What is a wavelength of an EM wave physically?

This might be a silly question given I am a physics undergrad, but I was suddenly confused. Usually when EM hit a gap they diffract through the gap. But if the gap is too small, diffraction can't take place. But what is actually happening to prevent the diffraction. I know the definition of a wavelength is the distance from one crest to another (or trough). But isn't that description just because of how we deal with waves mathematically, I mean EM radiation is not actually a sine wave. So what is happening at the gap to prevent the diffraction physically. I hope I made sense, I literally typed this in a few minutes because I just had this question, so I appreciate my points will be over the place. Let me know where you might need clarification.

• There is absolutely nothing happening to prevent diffraction even for small gaps, the resulting amplitudes are just very small, so you might get the impression that the wave can't get trough, but that's not the case. Better observation shows that it can and does and that's quite important for a number of areas e.g. for electronics systems with small antennas (especially in the case of EMC) and optics (scattering on sub-wavelength particles). – CuriousOne Jul 7 '15 at 18:24
• Ah okay so is it like a resonance type thing, where the most energy diffracted through at gaps roughly same to the wavelength? But what is a wavelength, how do I visualise what is happening at the gap why there is dependency on wavelength? – Shaurya Bhave Jul 7 '15 at 18:47
• A gap is usually not resonant, although it can be, in which case one can get a strongly enhanced transmission of waves trough it, but I think that's rather tangential to your question. I think your problem relates more to the question to what "wavelength" means for structures that are smaller than a wavelength? I think the easy answer is "not much". Wavelength is only well defined for nice parallel wavefronts far away from the near field of point emitters. Look at the near field solution for the dipole emitter: youtube.com/watch?v=F3SXmgm2uxM – CuriousOne Jul 7 '15 at 19:01
• Even for gaps whose size is well below the wavelength of the incident light, there is some diffraction/transmission. This problem has been delt by Arnold Sommerfeld in its book "lectures on Optics". The transmission at the gap depends on the polarization of the wave which by the way explains how polarizers actually works. – Ronan Tarik Drevon Jul 8 '15 at 15:15

Actually, this is a nice question $-$ why do the dimensions of the slit or a hole (which are transverse to the direction of your incident plane waves) limit possible range of wavelengths (which are longitudinal, between two EM planes) of the transmitted wave.
Without deriving the behavior from wave equations which would do the job, one may say that it's due to the Huygens principle $-$ every point of space which is excited by a disturbance (i.e. excitation, a coherent electro-magnetic (EM) wave in our case) becomes a retarded (in time) spherical wave source of that disturbance. In the article, it is clearly shown that a slit or hole of the size comparable to or greater than the wavelength of the incident coherent plane wave may become a source of spherical or half-plane/half-spherical waves in Huygens' manner, respectfully, so these waves will be transmitted through the slit/hole. If the size of the slit/hole and the thickness of the screening barrier are less than the wavelength, the transmitted wave will be purely spherical, but its intensity will be proportionally lower due to the reduced size of the slit/hole. But, in case that the hole (not slit) is longer (i.e. thicker barrier), it will behave like a waveguide and some EM transmission modes are not allowed here (see the cut-off wavelength/frequency from Waveguides), hence they will quickly vanish. You can imagine that the wavefront in the slit/hole is not wide enough to constructively fully reconstruct the next wavefront at the wavelength distance, so the wave will be progressively attenuated with the distance.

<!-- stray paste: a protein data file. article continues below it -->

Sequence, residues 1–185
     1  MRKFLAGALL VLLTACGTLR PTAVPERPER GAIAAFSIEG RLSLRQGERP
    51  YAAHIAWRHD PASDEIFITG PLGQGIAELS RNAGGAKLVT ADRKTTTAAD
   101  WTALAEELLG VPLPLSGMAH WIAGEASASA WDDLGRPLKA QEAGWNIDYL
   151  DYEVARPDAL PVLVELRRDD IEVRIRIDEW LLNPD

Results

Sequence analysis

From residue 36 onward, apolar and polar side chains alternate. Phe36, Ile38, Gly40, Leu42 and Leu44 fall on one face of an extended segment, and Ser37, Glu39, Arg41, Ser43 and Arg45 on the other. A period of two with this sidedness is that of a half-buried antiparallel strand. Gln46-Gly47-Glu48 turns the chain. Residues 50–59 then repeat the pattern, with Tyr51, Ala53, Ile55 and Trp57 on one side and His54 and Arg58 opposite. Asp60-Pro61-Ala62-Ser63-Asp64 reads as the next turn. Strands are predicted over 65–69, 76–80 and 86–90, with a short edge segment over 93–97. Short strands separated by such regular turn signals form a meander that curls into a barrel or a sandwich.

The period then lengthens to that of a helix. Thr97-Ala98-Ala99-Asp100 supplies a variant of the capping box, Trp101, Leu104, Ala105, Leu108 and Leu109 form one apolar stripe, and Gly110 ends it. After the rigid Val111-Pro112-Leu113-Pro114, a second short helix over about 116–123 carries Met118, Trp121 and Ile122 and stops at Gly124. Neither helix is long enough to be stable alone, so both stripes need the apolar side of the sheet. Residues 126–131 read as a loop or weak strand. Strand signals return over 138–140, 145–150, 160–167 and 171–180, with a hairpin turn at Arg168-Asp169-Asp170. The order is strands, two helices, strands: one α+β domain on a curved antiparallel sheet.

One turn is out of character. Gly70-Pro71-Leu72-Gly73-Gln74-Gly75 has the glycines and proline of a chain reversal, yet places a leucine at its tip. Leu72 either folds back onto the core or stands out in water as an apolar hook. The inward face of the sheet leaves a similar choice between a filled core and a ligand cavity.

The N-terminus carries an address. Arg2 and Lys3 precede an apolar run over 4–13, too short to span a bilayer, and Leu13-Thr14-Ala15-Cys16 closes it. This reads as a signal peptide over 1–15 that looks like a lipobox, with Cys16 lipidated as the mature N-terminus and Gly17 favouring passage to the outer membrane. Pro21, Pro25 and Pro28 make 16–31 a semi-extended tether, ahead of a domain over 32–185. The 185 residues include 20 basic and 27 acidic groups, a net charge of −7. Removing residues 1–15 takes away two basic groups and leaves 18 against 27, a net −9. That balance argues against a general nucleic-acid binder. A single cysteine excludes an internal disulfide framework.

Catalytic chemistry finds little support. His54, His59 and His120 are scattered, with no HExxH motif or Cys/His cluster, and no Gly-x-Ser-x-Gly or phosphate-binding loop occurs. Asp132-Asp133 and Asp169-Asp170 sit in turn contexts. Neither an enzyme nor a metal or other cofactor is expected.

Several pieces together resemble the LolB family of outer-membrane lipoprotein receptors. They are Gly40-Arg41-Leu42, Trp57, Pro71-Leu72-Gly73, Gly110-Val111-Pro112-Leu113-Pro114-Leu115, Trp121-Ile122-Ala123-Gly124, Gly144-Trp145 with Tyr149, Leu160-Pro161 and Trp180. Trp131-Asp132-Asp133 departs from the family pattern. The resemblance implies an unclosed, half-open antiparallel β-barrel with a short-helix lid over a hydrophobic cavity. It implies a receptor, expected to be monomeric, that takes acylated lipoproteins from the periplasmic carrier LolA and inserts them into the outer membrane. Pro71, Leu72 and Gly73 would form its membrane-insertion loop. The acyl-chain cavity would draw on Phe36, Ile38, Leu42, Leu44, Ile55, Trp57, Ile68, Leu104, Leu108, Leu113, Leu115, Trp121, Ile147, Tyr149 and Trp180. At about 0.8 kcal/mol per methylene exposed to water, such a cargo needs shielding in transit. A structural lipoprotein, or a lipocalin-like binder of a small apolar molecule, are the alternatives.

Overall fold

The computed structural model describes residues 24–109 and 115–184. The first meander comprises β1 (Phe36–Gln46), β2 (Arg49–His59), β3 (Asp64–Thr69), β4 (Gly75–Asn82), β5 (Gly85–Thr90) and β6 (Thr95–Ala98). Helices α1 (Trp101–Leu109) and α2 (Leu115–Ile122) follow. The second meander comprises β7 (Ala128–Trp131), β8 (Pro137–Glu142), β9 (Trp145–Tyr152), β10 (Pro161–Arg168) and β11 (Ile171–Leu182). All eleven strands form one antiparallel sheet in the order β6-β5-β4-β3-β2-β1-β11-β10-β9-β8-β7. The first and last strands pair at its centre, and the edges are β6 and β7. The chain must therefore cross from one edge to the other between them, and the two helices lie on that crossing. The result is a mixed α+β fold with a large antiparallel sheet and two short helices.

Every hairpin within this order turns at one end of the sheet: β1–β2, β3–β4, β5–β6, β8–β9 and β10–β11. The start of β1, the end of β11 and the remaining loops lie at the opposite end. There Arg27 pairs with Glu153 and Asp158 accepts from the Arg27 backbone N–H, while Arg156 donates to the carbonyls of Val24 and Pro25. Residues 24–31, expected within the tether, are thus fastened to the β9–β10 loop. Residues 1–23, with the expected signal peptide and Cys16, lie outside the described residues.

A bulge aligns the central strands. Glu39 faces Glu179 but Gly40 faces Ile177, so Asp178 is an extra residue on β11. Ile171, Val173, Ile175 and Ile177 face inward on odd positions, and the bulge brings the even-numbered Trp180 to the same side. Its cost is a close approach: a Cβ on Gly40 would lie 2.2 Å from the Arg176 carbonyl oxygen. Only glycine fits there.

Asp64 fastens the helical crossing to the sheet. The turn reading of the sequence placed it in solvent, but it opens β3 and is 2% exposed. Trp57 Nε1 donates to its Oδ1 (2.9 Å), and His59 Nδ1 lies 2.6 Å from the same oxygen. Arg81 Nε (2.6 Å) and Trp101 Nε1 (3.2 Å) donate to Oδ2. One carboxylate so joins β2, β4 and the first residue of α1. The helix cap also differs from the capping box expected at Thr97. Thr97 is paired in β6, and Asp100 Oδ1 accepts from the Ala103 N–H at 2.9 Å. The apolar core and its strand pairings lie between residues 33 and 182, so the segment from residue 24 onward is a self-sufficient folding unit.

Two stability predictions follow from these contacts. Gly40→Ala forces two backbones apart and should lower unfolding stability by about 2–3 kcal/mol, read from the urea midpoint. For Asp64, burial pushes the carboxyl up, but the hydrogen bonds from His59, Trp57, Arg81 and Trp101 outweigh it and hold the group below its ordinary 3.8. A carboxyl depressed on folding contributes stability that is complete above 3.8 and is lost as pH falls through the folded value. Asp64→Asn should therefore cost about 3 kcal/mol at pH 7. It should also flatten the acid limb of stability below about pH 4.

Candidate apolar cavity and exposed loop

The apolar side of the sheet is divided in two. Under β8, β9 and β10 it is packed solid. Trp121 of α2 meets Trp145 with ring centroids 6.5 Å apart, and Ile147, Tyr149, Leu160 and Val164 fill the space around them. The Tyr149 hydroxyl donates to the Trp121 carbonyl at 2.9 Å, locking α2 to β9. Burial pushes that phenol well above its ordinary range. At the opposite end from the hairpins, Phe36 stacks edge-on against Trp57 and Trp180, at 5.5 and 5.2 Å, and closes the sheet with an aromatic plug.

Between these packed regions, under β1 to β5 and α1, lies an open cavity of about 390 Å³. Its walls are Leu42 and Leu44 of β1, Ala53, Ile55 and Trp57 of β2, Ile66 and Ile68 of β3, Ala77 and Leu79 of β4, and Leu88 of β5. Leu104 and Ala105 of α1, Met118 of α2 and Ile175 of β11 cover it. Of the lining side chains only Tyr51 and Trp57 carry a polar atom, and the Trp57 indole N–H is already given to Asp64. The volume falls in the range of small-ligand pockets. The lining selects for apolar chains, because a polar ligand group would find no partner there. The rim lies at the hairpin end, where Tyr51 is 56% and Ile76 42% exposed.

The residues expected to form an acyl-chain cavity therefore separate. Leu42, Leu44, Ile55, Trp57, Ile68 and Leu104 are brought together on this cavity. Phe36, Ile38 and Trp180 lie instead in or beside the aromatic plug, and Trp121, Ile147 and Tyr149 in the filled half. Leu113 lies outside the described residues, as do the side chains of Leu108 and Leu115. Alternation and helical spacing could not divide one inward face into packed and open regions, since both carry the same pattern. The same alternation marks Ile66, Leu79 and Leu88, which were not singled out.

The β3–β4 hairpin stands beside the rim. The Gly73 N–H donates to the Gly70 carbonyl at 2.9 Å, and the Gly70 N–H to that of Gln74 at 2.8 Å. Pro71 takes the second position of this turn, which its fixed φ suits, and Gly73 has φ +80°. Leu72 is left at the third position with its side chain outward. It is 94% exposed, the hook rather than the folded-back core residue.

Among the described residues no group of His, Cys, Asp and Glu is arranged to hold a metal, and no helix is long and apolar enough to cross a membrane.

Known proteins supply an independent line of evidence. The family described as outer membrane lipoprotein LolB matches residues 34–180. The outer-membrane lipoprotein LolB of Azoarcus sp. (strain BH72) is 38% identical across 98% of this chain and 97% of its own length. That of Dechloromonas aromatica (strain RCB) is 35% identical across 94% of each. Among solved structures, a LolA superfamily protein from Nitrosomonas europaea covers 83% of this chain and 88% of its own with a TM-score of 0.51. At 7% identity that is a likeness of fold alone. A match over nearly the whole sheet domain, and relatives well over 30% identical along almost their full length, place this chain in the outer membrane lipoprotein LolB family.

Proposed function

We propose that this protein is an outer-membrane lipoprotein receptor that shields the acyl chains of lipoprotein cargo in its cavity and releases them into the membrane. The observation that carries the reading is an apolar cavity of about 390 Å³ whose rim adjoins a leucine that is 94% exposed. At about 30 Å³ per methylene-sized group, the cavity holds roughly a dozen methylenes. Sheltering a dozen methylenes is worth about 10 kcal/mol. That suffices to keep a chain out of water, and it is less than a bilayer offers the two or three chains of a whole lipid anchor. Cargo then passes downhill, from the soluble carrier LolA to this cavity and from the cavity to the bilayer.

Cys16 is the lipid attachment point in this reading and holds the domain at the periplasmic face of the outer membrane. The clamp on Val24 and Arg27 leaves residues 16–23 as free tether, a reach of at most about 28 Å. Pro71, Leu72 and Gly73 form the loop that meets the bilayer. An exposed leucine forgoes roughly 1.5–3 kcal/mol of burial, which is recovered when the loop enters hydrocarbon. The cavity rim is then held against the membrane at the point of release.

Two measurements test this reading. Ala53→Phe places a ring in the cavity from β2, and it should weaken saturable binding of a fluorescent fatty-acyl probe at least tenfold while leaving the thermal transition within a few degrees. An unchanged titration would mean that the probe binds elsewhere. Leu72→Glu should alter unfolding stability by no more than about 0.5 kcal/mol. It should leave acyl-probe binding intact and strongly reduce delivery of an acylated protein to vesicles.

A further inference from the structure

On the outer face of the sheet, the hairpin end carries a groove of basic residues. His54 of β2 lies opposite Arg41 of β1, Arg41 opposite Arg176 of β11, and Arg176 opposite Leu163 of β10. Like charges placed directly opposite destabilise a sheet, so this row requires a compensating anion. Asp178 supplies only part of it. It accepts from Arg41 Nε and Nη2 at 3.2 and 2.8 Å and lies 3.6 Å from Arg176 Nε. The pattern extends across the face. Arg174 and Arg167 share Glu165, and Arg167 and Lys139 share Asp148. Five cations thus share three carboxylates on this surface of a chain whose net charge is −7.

Furthermore, this has not to be a massive object with a hole $-$ even a single conductive wire (thin compared to the wavelength) will scatter an EM wave. Electrical current is induced within the wire due to the electrical field (E) parallel to the wires and it generates EM components with their E also parallel to the wires which destructively or somewhere constructively interfere with the incident wave. The resulting wave looks like as if the incident wave was scattered from the wire and there is no restriction on its wavelength. Then, a discrete set of equally distanced thin wires also scatters the incident wave, but now these scattered components constructively interfere among themselves which may intensify the final effect depending on the wavelength, distance between the wires and the distance at which we observe the effect. In case that the distance among the wires is comparable to or less than the wavelength, the propagated field with the E component parallel to the wires won't go far from them, i.e. it will be defined mostly as a complex near field, whilst the far field will quickly vanish due to the formed scattered EM wave plane (approximately $-$ becoming more ideal plane as the number of wires increases) which destructively cancels out the incident wave. Notice that the incident waves with the E components normal to the wires generally won't be affected, i.e. the wires are mostly invisible to them. And this is the mechanism behind polarizers.